I do not find the ASA’s behaviour odd. When I was running a solar panel business, years ago, the ASA asked me to prove with documentary evidence that solar panels worked off light, and could produce energy on cloudy days. I suggested they consult an elementary book on physics and educate themselves before wasting people’s time. That suggestion still holds good today.

What I find odd is that the ASA assume gender stereotyping is harmful based on some academic theses, ignoring those theses who claim that it is not harmful. I find it even odder that short humorous television adverts are considered as ascribing to an individual woman or man specific attributes, characteristics, or roles by reason only of her or his membership in the social group of women or men.

Two Things I do not Understand

  1. Why the second amendment to the US constitution permits assault rifles but not nuclear weapons or even depleted uranium shells;
  2. Why those who lead a live of great privilege and immense wealth lecture the poorer people about reducing their carbon footprints;

Implementing the Will of the People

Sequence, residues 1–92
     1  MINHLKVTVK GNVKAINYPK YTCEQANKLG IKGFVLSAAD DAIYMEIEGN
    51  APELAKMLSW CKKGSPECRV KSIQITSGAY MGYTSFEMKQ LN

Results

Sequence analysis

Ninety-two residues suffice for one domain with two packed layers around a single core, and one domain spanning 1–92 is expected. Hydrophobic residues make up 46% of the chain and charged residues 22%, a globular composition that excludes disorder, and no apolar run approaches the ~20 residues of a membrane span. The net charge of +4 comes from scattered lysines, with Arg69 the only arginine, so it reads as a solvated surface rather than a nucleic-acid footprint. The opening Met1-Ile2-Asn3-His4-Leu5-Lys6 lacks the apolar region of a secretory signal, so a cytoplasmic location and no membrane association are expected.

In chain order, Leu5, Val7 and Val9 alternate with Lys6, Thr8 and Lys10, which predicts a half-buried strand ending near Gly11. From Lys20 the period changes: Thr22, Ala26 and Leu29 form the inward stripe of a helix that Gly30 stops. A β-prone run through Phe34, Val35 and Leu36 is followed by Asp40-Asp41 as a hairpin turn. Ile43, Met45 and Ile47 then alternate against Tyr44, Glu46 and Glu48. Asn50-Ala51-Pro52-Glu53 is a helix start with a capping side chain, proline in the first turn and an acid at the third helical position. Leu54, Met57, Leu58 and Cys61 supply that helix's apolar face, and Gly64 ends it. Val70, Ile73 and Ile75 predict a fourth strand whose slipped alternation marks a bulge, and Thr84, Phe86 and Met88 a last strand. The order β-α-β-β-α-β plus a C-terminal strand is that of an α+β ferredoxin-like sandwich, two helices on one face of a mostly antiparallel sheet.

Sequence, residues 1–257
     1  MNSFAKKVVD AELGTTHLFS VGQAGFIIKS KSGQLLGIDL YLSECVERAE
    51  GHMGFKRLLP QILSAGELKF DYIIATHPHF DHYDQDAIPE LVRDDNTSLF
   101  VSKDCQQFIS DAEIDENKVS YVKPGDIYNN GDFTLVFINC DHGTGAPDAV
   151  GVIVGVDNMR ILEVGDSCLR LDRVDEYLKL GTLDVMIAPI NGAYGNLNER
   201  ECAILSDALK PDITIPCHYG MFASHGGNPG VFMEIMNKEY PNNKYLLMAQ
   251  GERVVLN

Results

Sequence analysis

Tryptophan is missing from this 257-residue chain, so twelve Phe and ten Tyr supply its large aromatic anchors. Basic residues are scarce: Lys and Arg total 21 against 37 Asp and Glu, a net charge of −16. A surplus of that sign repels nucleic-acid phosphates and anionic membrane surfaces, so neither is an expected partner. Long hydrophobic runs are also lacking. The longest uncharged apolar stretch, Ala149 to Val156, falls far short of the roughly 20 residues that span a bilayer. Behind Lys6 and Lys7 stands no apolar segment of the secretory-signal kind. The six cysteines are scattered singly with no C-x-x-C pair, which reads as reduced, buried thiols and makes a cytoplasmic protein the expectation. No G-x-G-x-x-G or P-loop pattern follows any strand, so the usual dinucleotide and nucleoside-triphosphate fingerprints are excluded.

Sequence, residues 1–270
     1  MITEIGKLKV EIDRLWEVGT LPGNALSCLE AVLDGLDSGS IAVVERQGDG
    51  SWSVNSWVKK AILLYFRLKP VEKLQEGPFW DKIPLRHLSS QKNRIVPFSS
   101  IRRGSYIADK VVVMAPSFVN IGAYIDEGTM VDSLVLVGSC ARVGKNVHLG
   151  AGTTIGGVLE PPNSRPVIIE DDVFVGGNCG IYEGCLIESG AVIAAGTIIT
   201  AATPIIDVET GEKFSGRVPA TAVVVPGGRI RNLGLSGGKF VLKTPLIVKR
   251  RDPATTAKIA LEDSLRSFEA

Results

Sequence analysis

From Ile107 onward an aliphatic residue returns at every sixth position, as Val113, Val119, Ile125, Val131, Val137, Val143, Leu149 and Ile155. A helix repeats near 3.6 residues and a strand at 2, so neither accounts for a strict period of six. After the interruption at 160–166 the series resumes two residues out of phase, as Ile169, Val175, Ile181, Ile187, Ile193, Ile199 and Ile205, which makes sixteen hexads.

Mr Corbyn, leader of the opposition in Parliament, has claimed that it would be an anti democratic abuse of power should the government remove the United Kingdom from the European Union while an election campaign is underway.

I can understand if Mr Corbyn thinks such removal undesirable but I fail to see how it can be anti-democratic. This claim is sophistry. The people of the United Kingdom voted to leave the EU on 23 June 2016 – more than three years ago, and if anything is an abuse of power and anti-democratic it is the fact three years later the UK has not left the EU. OK, leaving the EU would be complicated and would take time but three years?

The vote was a tight run thing, but that is no reason to discount it. There are many whose prosperity will be adversely affect by the UK leaving the EU, and that too is no reason avoid implementing the vote.

Either we are a democracy or we are not a democracy. If we are a democracy then we must implement the will of the people, even if the people’s will might make us poorer or create some inconveniences. Of course, once we have left there is nothing to prevent political parties campaigning in the next election to re-join the EU, and if those parties so campaigning win enough seats the UK will rejoin the EU – that is how democracy works.

Democracy might well be inconvenient, unwise, unsound economically, foolish, raucous, troublesome, exasperating, loathsome, appalling and have all sorts of other undesirable features but it is the least worse system of government that we have discovered and infinitely better than rule by dictatorship, autocracy, or monarchy, or oligarchy, or bureaucracy, or by the military, or by a select and privileged coterie of like minded people determined to impose their will on the people they govern.